The third building collapse in two months has forced the government to take the drastic measure to temporarily stop all excavation and demolition works across the island.
Prime Minister Joseph Muscat made the announcement on Thursday afternoon at the start of an emergency meeting with stakeholders in the construction industry.
The meeting was called after a block of apartments collapsed last Saturday in Mellieha, the second incident in as many months. However, the meeting was overshadowed by yet another collapse this morning in Gwardamanga.
Addressing a press conference following the meeting, Muscat announced a number of proposals and a timeline of measures the government will be taking.
Starting on the Monday, Muscat said, a public consultation will be launched on the proposals. The consultation will end Friday, with the aim of having cabinet approve legal changes before they can be tabled in parliament and approved the following week.
Until then, Muscat said, there will be no excavation or demolition works allowed in the country, with the exception of works where architects state that ceasing works will be more of a danger.
Among the measures being proposed in the new regulations, will be a provision requiring an architect or site manager to be on site whenever any crucial decision is taken. This will be over and above the current requirements, Muscat said, adding that their presence on site must be documented.
“Competent persons must have been on site and must have taken the decision with the responsibility that it brings with it,” he said.
Moreover, Muscat said the new rules would be proposing geological surveys in all cases of excavation. “The studies are there for responsibility to be carried not for us to add documents in the authorities’ cabinets,” he said. “The study will be there and it will have a signature.”
Currently, geological studies are required only in cases where excavation works deeper than three metres are being proposed. Muscat said that the majority of major projects already do this as a matter of standard practice, but said that the requirement would now be required across the board.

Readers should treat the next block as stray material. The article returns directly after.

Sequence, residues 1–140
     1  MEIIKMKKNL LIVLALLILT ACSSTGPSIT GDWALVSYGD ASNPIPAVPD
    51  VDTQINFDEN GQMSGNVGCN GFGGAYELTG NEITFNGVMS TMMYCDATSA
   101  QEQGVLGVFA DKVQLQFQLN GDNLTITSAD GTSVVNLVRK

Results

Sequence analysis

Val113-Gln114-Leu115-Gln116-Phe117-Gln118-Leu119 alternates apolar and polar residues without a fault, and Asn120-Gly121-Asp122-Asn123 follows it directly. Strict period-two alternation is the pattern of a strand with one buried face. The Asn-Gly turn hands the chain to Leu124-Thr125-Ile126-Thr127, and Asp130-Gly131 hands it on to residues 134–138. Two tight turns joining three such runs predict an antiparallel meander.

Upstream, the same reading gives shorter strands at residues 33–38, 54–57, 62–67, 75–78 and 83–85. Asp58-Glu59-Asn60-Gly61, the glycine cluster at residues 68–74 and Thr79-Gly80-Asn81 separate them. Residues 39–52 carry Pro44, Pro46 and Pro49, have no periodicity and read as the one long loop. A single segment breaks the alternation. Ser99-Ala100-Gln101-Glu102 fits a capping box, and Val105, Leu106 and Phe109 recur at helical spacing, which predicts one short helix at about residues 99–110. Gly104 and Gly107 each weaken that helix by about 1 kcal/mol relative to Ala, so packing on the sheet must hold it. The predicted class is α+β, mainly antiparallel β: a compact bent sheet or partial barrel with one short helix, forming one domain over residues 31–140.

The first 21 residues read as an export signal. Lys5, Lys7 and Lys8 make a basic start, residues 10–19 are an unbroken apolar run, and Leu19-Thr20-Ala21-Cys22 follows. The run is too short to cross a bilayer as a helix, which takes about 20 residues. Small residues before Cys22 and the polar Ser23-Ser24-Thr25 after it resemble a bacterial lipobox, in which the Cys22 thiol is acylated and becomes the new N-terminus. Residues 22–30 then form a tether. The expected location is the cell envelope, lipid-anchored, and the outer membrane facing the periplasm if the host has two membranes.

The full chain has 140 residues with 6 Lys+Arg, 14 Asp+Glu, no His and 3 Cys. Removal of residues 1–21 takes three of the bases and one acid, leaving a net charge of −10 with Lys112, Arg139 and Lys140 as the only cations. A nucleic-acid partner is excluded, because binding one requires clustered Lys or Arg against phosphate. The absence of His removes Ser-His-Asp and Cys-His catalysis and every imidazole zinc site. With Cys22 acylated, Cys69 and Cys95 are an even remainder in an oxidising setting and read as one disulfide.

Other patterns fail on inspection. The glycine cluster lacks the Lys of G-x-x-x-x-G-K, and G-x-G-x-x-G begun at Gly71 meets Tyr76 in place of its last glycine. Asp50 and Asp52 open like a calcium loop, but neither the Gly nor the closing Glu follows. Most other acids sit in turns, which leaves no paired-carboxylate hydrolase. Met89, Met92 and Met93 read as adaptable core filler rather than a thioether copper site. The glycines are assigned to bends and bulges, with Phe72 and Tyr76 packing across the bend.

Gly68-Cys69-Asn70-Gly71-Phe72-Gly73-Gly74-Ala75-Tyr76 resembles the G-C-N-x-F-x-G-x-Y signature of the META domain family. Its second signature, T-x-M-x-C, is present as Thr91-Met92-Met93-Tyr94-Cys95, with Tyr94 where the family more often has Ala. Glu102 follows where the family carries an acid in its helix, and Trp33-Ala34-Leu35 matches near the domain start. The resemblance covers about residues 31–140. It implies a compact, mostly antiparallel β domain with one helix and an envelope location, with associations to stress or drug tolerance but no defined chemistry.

Fines for contractors not following the requirements laid down in the project’s method statement will increase from €500 to €10,000
In case of a contractor who continues work even if he has been notified to stop, fines will go up from €1,200 to €50,000. “This is a very strong sign that if you are breaking the rules, you are also limited the feasibility of your project.”
Muscat commended all stakeholders present at the meeting, noting that those present had come together to agree on what needed to be done, despite their differing views.
In an immediate reaction on Facebook, Opposition environment spokesperson Jason Azzopardi called the decision a “populist move”, asking since when did the Prime Minister have such power.
In comments to the press following the meeting with the Prime Minister, developers’ lobby boss Sandro Chetcuti insisted that the well-being of residents came first when it comes to the measures which had to be taken in light of the third construction-related incident in under two months.
Chetcuti praised Joseph Muscat’s decision to suspend all excavation and demolition permits, remarking that there could be no “fooling around” when it came to people’s safety.
“The meeting was very positive. The Prime Minister acted as was expected of him,” Chetcuti said, “And he didn’t act out of anger, but out of a sense of responsibility towards the people.”
“There can’t be any fooling around when it comes to the security of residents, and any decisions have to be taken with the interest of the citizen in mind.”